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SINGAPORE Airlines (SIA) has signed an agreement with European planemaker Airbus to be the launch customer of the new ultra-long-range variant of the A350, which will allow the carrier to restore non-stop flights to the United States in 2018.
This comes months after SIA - which has made no secret of its desire to resume the world's longest flight - revealed it was talking to US-based Boeing and Airbus for an aircraft that could operate the route efficiently.
SIA previously pulled the plug on its non-stop flights to New York and Los Angeles in 2013, as stubbornly high fuel prices and weak demand from business travellers made it tough to operate the route profitably.
In an announcement on Tuesday, the carrier said that it would convert seven of the 63 A350-900s it has on order to A350-900ULRs. SIA's ultra-long-range aircraft will be decked out with new cabin products, which are under development.
In addition, it is converting four options into firm orders for the A350-900s, leaving it with 16 options from the initial 20. As a result, this will boost the total number of A350s on firm order for SIA to 67 planes.
"Our customers have been asking us to restart non-stop Singapore-US flights and we are pleased that Airbus was able to offer the right aircraft to do so in a commercially viable manner," said SIA CEO Goh Choon Phong.
The move will "further strengthen the Singapore hub by providing the fastest and most convenient air connectivity between North America and South-east Asia".
It also offers the group another avenue of growth outside Asia, besides Europe, as the group struggles with a competitive operating environment in both the premium and budget segments.
With this move, SIA is likely to pip Dubai's Emirates to reclaim the prestigious title of operating the world's longest direct commercial flight. Emirates had announced that it would commence a daily service between Dubai and Panama City, which takes around 171/2 hours, next February.
The first time SIA offered non-stop services to the US was over a decade ago. Back in 2004, it launched a near-19-hour non-stop service to Newark Liberty International Airport, flying over 15,300 km. SIA also used to operate a direct service between Singapore and Los Angeles. Then, SIA was using the four-engine Airbus A340-500 for both direct services. But the combination of surging fuel prices and soft travel demand after the 2009 financial crisis forced it to axe the direct services in 2013.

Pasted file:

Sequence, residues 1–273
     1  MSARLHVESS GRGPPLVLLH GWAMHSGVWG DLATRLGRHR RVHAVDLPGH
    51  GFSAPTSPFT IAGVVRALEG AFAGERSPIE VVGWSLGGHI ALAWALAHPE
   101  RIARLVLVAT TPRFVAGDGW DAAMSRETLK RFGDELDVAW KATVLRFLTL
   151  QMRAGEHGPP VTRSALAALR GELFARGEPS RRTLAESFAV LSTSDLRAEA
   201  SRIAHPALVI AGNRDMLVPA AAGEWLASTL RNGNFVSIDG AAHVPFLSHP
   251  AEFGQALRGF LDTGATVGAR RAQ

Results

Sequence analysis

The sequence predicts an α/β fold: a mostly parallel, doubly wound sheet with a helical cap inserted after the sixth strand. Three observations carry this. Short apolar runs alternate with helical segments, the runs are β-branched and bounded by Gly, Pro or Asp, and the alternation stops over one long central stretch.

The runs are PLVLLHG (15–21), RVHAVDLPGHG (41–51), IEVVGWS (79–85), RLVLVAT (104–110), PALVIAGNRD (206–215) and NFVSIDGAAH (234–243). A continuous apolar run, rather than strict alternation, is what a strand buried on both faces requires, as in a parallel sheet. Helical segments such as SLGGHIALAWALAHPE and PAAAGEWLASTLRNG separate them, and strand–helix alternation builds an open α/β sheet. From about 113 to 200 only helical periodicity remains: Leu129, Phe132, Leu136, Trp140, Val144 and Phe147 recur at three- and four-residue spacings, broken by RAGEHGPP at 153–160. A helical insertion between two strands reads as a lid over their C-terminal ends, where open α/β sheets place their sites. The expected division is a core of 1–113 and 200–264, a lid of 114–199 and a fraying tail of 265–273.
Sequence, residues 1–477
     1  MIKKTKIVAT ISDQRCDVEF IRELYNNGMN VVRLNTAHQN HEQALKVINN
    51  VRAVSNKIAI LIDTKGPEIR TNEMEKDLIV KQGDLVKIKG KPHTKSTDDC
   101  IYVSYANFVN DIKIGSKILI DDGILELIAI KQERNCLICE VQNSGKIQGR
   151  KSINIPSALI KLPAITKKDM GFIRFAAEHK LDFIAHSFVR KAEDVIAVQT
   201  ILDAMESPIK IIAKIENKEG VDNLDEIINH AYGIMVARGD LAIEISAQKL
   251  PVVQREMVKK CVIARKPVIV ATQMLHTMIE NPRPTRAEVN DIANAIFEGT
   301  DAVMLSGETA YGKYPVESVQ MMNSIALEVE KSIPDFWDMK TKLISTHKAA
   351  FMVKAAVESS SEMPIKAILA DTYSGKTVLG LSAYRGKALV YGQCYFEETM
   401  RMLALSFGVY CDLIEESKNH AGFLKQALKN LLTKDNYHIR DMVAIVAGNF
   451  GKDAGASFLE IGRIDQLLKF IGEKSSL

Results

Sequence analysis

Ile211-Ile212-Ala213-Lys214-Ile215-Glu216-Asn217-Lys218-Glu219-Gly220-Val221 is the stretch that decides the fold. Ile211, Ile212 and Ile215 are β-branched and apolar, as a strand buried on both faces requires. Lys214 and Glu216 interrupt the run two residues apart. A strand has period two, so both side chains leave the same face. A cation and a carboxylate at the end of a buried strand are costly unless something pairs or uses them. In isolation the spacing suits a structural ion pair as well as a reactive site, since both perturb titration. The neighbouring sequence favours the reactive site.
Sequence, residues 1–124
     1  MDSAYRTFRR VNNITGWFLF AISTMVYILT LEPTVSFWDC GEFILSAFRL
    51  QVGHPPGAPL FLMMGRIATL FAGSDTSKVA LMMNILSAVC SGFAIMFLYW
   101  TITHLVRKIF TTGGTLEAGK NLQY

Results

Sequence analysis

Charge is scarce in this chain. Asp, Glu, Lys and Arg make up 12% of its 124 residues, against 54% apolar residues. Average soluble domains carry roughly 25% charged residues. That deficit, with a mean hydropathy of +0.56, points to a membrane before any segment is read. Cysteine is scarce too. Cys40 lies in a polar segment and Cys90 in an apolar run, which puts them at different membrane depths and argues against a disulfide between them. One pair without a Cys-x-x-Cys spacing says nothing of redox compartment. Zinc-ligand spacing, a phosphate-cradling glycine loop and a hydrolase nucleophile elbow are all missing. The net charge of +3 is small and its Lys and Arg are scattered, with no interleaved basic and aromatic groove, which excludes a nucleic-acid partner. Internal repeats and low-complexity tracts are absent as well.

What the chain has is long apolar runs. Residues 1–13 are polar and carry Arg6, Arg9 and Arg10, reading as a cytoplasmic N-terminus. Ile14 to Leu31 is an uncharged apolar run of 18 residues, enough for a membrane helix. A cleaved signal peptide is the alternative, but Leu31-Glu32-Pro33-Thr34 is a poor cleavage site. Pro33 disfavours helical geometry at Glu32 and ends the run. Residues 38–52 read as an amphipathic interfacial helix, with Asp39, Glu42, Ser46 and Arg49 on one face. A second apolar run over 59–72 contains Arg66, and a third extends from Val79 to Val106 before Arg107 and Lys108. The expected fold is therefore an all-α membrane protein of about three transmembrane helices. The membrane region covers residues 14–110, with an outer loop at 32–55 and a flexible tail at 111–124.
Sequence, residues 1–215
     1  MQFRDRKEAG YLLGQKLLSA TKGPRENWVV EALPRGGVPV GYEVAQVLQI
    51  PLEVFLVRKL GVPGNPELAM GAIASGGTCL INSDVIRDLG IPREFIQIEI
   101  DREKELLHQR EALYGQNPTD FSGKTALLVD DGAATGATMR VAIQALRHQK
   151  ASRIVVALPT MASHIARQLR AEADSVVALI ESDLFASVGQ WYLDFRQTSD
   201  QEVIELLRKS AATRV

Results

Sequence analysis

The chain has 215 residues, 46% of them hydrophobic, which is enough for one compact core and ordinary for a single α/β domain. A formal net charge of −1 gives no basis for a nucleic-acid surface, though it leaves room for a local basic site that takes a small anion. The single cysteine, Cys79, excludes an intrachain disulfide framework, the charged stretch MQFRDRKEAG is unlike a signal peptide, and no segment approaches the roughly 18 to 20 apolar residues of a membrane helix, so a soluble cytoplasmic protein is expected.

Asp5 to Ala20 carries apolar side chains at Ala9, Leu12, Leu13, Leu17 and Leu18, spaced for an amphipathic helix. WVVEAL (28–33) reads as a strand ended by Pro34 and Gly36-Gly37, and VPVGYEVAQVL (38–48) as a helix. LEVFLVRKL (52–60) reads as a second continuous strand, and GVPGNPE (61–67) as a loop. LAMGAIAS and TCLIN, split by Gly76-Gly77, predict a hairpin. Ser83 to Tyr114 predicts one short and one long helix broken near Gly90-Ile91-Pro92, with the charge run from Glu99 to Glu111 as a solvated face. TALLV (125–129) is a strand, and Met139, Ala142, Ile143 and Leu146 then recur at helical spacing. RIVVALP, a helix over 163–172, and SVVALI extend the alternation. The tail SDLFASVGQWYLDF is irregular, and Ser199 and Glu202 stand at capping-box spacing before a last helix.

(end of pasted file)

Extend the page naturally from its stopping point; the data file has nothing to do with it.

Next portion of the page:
The airline still operates one-stop services to New York and Los Angeles via Frankfurt and Tokyo respectively. However, analysts have pointed out that the direct US services cut travel time for business travellers - whom the flights typically target - and may enable SIA to attract new passengers who transit at other hubs besides Changi.
It may also help the airline recapture some of the passengers lost to other carriers when it ceased the direct services. In offering a one-stop service, SIA has to go head-to-head with airlines such as Cathay Pacific or British Airways which fly via their own respective hubs, sometimes at lower fares.
Besides Los Angeles and New York, SIA is also considering other points in the US for non-stop flights, the carrier said on Tuesday.
Meanwhile, one question mark remains over what type of configuration SIA will go with on the upcoming A350-ULRs. When it previously operated the direct flight to New York, it started out with a mix of premium economy and business class. But it later converted the flight to an all-business-class configuration with 100 seats, in pursuit of fatter yields. The non-stop service to Los Angeles was the same.
Airbus chief executive Fabrice Bregier said: "The A350 is the perfect, flexible platform, offering unrivalled operating economics for the very longest routes. The wider and quieter cabin will provide the perfect environment for passengers to enjoy the world-famous SIA in-flight product."
The A350-900ULR can fly for up to 19 hours, with a modified fuel system to increase the fuel-carrying capacity, as well as an increase in the maximum take-off weight and aerodynamic improvements.
SIA will take delivery of the first of its 67 A350-900s next January and plans to put it on its Amsterdam service by April. In 2016, it is expected to receive a total of 11 A350s - dubbed a game-changer for the group, thanks to the enhanced operational efficiencies the aircraft offers.
The wide-body A350, which entered commercial service earlier this year with Qatar Airways, is touted to deliver a 25 per cent reduction in fuel burn as it is made of corrosion-free composite materials and titanium. In addition, it reduces maintenance costs by lengthening the time required between heavy maintenance checks.
Airbus has a total of 783 firm orders for the A350 from 41 customers worldwide.
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